Original Research

Post-tuberculosis health-related quality of life, lung function and exercise capacity in a cured pulmonary tuberculosis population in the Breede Valley District, South Africa

Kurt J. Daniels, Elvis Irusen, Hamilton Pharaoh, Susan Hanekom
South African Journal of Physiotherapy | Vol 75, No 1 | a1319 | DOI: https://doi.org/10.4102/sajp.v75i1.1319 | © 2019 Kurt J. Daniels, Elvis Irusen, Hamilton Pharaoh, Susan Hanekom | This work is licensed under CC Attribution 4.0
Submitted: 05 December 2018 | Published: 31 July 2019

About the author(s)

Kurt J. Daniels, Division of Physiotherapy, School of Health Sciences, University of KwaZulu-Natal, Durban, South Africa
Elvis Irusen, Department of Internal Medicine, Faculty of Health Science, Stellenbosch University, Cape Town, South Africa
Hamilton Pharaoh, Division of Physiotherapy, School of Health Sciences, University of KwaZulu-Natal, Durban, South Africa
Susan Hanekom, Division of Physiotherapy, Faculty of Health Sciences, Stellenbosch University, Cape Town, South Africa


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Abstract

Background: Pulmonary tuberculosis (PTB) remains a major concern worldwide. Albeit curable, PTB continues to negatively affect patients’ health-related quality of life (HRQoL) and functioning even after cure.

Objectives: To describe the demographics, respiratory symptoms, pulmonary airflow patterns, HRQoL and exercise capacity of cured PTB patients, in the Breede Valley district of South Africa.

Methods: A cross-sectional study conducted at five primary health care facilities included adult patients diagnosed with PTB, who had completed anti-tuberculosis treatment. Post-treatment bronchodilator lung function, HRQoL and 6-min walk distance (6MWD) were measured.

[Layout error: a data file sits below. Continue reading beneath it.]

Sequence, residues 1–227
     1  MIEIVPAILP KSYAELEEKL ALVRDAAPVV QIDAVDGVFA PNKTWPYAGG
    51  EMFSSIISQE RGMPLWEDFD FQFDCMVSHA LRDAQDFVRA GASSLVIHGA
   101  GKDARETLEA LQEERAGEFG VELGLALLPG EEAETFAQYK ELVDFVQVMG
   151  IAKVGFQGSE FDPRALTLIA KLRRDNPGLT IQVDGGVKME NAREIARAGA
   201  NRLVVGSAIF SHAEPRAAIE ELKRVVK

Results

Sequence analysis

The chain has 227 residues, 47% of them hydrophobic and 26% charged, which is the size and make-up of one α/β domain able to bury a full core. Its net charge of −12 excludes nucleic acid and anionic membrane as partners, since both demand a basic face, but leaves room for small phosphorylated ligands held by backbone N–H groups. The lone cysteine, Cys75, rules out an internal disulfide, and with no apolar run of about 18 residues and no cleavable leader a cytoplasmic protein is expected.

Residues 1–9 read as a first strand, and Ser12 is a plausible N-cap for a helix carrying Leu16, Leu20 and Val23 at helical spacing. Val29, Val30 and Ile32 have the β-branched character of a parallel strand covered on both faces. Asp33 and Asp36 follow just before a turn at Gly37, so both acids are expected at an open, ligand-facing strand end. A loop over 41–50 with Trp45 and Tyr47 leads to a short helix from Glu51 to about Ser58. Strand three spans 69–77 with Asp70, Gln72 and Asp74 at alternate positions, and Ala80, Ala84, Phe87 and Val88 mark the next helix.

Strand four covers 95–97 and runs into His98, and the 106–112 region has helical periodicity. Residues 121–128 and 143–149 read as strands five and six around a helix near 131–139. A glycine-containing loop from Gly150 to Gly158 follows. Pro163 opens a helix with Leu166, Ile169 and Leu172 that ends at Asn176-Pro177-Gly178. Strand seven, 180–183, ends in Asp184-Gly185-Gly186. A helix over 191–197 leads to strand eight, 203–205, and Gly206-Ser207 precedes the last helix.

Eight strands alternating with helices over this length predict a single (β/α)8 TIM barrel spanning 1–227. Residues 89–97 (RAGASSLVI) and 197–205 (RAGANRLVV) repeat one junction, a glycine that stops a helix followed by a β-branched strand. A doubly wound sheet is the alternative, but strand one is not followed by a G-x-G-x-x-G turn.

Results: Three hundred and twenty-four patients were screened. Specific challenges resulted in 45 patients being included (male n = 25 [56%]; mean population age 39.9 [± 10.2]). HRQoL was assessed using the short-form 12v2, part of the burden of lung disease core questionnaire. In general, self-reported physical scores (physical health component summary score = 45) were higher than mental scores (mental health component summary score = 39). The mean 6MWD was 294.5 m (± 122.7) m (range 110 m – 600 m), which is well below normal reference values. Forty-eight percent (48%) of the sample presented with abnormal lung function, including obstructive (n = 9; 21%), restrictive (n = 11; 25%) and mixed (n = 1; 2%).

Conclusions: This pilot study suggests that most cured PTB patients have decreased HRQoL, exercise capacity and abnormal lung function. This study is the first to describe the combination of these three outcomes in a South African population.

Clinical implications: Clinicians must recognise that holistic management of PTB patients is required after cure.


Keywords

Pulmonary Tuberculosis; Lung Function; Health-Related Quality of Life; Exercise Capacity; Rural Health

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